* Ramucirumab touted by some as Lilly's next blockbuster
* Trial could help allay concerns raised after breast cancer
* Lilly shares rise 3 pct in early trading
(Adds details, background)
By Esha Dey
Feb 19 An experimental cancer drug developed by
Eli Lilly and Co, touted by some to be the company's
next blockbuster, significantly improved survival rates in lung
cancer patients, sending the company's shares up 3 percent in
Lilly needs new drugs to offset declining sales of its older
drugs as they lose patent protection.
Ramucirumab, designed to treat multiple cancers, has the
potential to generate annual sales of $1.5 billion by 2020,
according to some analysts.
The drug has already been shown be be successful in treating
stomach cancer, and Lilly is waiting for approval from the U.S.
Food and Drug Administration to market it for that disease.
The latest results could help allay some concerns about the
drug after it failed to delay the progression of breast cancer
in a late-stage trial last year.
The late-stage lung cancer trial compared a combination of
ramucirumab and a common chemotherapy drug, docetaxel, with a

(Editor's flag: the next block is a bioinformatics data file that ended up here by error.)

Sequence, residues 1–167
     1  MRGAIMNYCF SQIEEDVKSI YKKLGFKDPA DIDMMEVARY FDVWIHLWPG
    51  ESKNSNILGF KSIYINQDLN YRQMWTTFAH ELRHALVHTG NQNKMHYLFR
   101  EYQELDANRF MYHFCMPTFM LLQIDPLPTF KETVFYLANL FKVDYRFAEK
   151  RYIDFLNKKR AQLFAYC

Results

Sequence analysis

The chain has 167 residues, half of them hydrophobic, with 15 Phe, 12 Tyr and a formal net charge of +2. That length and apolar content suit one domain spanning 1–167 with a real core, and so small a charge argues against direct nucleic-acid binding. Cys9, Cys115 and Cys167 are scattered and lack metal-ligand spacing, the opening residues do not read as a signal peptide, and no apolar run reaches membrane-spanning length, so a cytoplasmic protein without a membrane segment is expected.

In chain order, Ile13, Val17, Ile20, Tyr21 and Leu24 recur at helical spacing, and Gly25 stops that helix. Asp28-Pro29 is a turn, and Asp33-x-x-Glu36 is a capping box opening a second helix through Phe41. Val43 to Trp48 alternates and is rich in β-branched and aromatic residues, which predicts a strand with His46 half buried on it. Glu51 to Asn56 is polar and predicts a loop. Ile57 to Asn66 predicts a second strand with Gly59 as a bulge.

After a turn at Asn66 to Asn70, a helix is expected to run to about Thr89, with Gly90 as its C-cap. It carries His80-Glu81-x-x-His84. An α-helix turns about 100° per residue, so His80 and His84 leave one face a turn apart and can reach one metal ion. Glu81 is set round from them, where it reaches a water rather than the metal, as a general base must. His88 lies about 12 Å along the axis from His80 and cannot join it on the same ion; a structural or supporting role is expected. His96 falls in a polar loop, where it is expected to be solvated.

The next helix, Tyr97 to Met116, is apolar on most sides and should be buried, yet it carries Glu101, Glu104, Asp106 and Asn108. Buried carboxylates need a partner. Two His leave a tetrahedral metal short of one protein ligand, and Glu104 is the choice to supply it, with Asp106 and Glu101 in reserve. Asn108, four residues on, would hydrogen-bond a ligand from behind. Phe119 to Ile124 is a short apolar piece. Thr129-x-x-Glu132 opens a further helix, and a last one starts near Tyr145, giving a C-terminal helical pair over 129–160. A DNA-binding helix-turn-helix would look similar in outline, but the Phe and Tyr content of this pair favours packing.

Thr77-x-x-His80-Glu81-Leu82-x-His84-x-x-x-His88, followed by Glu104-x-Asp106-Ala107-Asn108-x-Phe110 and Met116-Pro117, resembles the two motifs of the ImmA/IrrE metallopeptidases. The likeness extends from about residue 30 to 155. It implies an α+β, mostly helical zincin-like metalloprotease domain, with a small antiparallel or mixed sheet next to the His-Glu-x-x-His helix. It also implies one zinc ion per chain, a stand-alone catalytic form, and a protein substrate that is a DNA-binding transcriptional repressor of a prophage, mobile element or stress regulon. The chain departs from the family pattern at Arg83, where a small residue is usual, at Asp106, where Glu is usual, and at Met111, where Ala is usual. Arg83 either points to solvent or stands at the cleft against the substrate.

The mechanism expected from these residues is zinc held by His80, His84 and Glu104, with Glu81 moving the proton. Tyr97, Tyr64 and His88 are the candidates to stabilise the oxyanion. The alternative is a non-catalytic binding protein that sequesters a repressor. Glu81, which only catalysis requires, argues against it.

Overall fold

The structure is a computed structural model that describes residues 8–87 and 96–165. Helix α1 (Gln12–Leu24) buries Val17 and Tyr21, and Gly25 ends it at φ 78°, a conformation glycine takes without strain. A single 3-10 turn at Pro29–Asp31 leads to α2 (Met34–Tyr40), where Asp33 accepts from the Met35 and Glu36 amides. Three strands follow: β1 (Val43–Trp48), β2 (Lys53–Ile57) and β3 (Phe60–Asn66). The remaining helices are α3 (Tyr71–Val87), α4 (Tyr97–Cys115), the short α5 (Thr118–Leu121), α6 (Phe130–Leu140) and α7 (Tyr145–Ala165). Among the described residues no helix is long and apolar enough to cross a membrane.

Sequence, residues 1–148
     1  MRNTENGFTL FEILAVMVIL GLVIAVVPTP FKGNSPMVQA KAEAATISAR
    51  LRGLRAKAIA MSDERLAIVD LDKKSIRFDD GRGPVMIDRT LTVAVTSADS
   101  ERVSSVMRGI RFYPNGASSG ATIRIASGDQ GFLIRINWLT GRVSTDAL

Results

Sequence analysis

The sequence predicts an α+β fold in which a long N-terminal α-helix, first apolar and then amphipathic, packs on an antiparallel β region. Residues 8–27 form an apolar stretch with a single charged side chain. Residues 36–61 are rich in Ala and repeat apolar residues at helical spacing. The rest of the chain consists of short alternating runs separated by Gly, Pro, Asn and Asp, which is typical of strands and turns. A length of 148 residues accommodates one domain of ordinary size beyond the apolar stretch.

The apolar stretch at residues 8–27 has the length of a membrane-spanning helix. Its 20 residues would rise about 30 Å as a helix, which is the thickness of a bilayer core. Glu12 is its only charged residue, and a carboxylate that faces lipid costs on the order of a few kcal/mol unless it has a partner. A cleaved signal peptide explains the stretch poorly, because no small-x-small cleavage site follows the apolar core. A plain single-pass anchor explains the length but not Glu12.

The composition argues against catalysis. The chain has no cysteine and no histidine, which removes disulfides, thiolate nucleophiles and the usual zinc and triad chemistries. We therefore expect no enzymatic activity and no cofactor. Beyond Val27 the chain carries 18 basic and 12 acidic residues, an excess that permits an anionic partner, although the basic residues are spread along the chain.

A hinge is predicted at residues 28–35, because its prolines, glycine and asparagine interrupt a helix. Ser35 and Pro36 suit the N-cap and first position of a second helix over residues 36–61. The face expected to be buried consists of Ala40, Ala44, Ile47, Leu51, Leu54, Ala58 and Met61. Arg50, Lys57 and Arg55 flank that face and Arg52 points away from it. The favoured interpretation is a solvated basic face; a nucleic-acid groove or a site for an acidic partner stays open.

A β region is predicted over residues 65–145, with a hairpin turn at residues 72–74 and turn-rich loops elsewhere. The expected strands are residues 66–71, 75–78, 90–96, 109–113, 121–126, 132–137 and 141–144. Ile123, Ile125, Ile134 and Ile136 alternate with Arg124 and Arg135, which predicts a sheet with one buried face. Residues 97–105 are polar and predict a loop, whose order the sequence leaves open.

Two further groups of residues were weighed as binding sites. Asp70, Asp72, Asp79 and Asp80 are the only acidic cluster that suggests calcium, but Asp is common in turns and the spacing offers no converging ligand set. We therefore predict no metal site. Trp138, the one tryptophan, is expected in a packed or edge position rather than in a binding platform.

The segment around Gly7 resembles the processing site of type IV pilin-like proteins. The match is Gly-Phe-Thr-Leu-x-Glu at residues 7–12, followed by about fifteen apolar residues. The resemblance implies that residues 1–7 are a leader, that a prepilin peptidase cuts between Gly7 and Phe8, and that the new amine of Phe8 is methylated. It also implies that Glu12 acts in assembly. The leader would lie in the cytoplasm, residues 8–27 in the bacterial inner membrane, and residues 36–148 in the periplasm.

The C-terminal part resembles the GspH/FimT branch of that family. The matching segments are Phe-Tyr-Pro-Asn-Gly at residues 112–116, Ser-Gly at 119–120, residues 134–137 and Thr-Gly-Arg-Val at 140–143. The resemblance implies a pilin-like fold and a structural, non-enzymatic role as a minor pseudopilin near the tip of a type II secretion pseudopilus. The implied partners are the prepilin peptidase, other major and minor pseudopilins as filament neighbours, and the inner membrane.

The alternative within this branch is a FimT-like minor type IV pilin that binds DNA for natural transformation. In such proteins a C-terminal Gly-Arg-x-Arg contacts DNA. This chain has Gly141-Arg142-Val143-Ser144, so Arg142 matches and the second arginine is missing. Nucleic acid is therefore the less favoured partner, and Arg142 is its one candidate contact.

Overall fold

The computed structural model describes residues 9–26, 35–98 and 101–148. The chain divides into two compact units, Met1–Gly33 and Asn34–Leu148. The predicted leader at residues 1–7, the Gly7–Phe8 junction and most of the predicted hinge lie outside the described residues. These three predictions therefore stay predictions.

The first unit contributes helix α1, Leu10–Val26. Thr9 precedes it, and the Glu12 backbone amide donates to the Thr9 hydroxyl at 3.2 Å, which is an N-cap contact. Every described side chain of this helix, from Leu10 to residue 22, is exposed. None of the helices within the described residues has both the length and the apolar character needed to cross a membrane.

combination of a placebo and docetaxel in treating patients with
non-small cell lung cancer.
The trial, known as Revel, showed that ramucirumab
significantly improved overall survival rates as well as
improving survival rates without the cancer worsening.
Lilly did not provide details of the trial results, which it
said would be presented at a scientific meeting.
The company said on Wednesday that it planned to submit the
first application for marketing approval later this year.
Data from two other studies to test the drug's effectiveness
to treat liver and colorectal cancer are expected later this
year, Lilly said.
BMO Capital Markets analyst Alex Arfaei expressed caution
about the latest results.
"We believe Revel needs to show at least (a) 2-3 month
improvement in overall survival to be considered clinically
meaningful," he said in a note.
Ramucirumab, which Lilly acquired through its $6.5 billion
purchase of ImClone Systems Inc in 2008, works by blocking
development of blood vessels that feed tumors - a process known
Lilly's shares were up 3 percent at $56.96 in early trading
on the New York Stock Exchange. The company's shares had risen
just 3 percent in the 52 weeks up to Tuesday's close.
(Reporting by Esha Dey in Bangalore; Editing by Saumyadeb
Chakrabarty and Ted Kerr)